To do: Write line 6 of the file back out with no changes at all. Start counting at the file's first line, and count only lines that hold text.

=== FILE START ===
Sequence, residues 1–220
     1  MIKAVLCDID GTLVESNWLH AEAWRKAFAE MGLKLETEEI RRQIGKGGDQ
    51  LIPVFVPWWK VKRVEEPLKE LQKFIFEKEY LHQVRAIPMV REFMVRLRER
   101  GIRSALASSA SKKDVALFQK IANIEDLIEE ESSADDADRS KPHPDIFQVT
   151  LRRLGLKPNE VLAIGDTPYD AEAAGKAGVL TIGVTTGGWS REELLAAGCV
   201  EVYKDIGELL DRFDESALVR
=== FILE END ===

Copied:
   201  EVYKDIGELL DRFDESALVR